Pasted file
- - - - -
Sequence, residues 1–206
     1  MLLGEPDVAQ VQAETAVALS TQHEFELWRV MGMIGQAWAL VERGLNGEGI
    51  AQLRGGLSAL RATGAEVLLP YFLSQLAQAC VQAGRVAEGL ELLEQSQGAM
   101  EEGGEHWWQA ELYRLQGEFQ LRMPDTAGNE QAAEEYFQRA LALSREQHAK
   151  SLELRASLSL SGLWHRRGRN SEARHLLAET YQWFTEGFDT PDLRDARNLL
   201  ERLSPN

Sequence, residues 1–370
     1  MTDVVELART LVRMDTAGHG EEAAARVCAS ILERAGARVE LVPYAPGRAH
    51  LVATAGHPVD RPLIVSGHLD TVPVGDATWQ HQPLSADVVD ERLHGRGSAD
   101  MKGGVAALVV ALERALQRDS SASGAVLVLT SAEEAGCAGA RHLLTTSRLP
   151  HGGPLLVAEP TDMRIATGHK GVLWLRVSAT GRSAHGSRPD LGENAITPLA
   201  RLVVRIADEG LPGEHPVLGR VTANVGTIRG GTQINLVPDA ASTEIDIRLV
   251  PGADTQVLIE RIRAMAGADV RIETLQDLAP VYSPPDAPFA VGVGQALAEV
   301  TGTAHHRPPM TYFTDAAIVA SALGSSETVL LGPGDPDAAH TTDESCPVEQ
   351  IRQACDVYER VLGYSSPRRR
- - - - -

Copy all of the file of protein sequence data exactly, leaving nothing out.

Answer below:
Sequence, residues 1–206
     1  MLLGEPDVAQ VQAETAVALS TQHEFELWRV MGMIGQAWAL VERGLNGEGI
    51  AQLRGGLSAL RATGAEVLLP YFLSQLAQAC VQAGRVAEGL ELLEQSQGAM
   101  EEGGEHWWQA ELYRLQGEFQ LRMPDTAGNE QAAEEYFQRA LALSREQHAK
   151  SLELRASLSL SGLWHRRGRN SEARHLLAET YQWFTEGFDT PDLRDARNLL
   201  ERLSPN

Sequence, residues 1–370
     1  MTDVVELART LVRMDTAGHG EEAAARVCAS ILERAGARVE LVPYAPGRAH
    51  LVATAGHPVD RPLIVSGHLD TVPVGDATWQ HQPLSADVVD ERLHGRGSAD
   101  MKGGVAALVV ALERALQRDS SASGAVLVLT SAEEAGCAGA RHLLTTSRLP
   151  HGGPLLVAEP TDMRIATGHK GVLWLRVSAT GRSAHGSRPD LGENAITPLA
   201  RLVVRIADEG LPGEHPVLGR VTANVGTIRG GTQINLVPDA ASTEIDIRLV
   251  PGADTQVLIE RIRAMAGADV RIETLQDLAP VYSPPDAPFA VGVGQALAEV
   301  TGTAHHRPPM TYFTDAAIVA SALGSSETVL LGPGDPDAAH TTDESCPVEQ
   351  IRQACDVYER VLGYSSPRRR